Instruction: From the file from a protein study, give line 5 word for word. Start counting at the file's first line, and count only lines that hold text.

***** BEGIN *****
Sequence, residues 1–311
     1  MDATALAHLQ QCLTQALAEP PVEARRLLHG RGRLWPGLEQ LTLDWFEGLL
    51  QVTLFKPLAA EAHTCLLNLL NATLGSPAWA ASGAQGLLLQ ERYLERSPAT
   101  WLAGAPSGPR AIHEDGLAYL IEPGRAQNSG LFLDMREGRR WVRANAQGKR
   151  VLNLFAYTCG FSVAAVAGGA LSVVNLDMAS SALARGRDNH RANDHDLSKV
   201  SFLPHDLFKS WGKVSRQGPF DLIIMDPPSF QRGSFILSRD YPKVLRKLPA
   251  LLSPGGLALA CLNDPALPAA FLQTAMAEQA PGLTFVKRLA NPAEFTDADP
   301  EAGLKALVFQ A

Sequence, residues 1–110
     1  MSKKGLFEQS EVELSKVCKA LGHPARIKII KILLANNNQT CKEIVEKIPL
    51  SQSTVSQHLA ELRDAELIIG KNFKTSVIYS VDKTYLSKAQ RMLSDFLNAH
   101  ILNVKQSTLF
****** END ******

   151  VLNLFAYTCG FSVAAVAGGA LSVVNLDMAS SALARGRDNH RANDHDLSKV